I replied to the thread via patch instead ;) Everyone has different ideas on what a filesystem should be, and my goal isn't to convince everyone that Btrfs fits their definition of ideal.
Ohad Rodeh's paper was really about snapshot reference counting. He did go into details of btree balancing but this was mostly about how top-down balancing is best suited to the snapshot reference counting problem.
We've definitely changed some of the fundamentals around snapshot reference counting too, and we've continued to discuss these with Dr Rodeh (he's really good to work with). His work was presented as a starting point for people interested in snapshotting.
There are also a lot of ideas from reiserfsv3 and xfs and ext in Btrfs. To me, filesystems are really just a collection of tradeoffs and optimizations for specific goals. We trade CPU for disk IO, or CPU and disk IO for features, and these tradeoffs change as we go.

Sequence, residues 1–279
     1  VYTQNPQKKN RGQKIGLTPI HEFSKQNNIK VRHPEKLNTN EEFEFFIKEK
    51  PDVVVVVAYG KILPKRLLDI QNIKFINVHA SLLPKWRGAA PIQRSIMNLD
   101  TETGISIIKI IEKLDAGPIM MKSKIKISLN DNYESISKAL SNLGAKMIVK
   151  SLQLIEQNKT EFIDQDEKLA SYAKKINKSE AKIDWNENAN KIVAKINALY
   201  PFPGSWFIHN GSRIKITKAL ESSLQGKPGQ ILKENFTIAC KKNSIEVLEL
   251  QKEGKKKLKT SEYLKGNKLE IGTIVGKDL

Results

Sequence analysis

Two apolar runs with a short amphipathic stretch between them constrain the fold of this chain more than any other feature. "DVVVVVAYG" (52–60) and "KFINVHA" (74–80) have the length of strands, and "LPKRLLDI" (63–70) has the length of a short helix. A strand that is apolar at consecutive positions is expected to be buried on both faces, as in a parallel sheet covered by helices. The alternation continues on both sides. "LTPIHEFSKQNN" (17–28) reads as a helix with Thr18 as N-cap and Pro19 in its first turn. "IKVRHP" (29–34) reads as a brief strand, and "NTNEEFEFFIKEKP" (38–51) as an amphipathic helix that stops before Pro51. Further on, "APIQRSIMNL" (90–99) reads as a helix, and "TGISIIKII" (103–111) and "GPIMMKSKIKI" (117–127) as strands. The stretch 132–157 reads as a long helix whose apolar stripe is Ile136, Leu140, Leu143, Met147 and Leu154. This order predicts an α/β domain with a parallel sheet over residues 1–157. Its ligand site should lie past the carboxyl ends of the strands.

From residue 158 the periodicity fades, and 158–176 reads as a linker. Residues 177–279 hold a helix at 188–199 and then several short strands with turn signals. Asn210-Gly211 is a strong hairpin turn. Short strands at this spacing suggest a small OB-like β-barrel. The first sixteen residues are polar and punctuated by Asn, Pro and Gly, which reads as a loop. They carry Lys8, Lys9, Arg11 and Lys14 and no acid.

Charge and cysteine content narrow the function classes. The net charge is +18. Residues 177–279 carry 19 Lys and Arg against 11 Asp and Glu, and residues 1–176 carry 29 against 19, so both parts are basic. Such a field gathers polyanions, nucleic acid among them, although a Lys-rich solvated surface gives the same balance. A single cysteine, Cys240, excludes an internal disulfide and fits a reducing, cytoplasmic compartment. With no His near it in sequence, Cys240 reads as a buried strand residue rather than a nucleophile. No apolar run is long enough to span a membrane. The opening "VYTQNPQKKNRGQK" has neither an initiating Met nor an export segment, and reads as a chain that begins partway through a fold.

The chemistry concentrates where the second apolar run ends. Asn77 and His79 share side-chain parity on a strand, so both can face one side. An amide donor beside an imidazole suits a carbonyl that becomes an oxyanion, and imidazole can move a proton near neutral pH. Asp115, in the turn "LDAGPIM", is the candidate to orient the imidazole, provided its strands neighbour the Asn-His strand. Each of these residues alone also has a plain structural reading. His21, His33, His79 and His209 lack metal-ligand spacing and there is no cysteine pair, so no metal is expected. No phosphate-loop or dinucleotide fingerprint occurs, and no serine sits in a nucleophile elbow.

When designing btrfs we took a big pile of known solutions for filesystem problems, crammed them together, and then fixed up the new problems that resulted. Somehow I missed the scientific magazine step that all the other filesystems have followed, but I'll do what I can to keep improving the FS.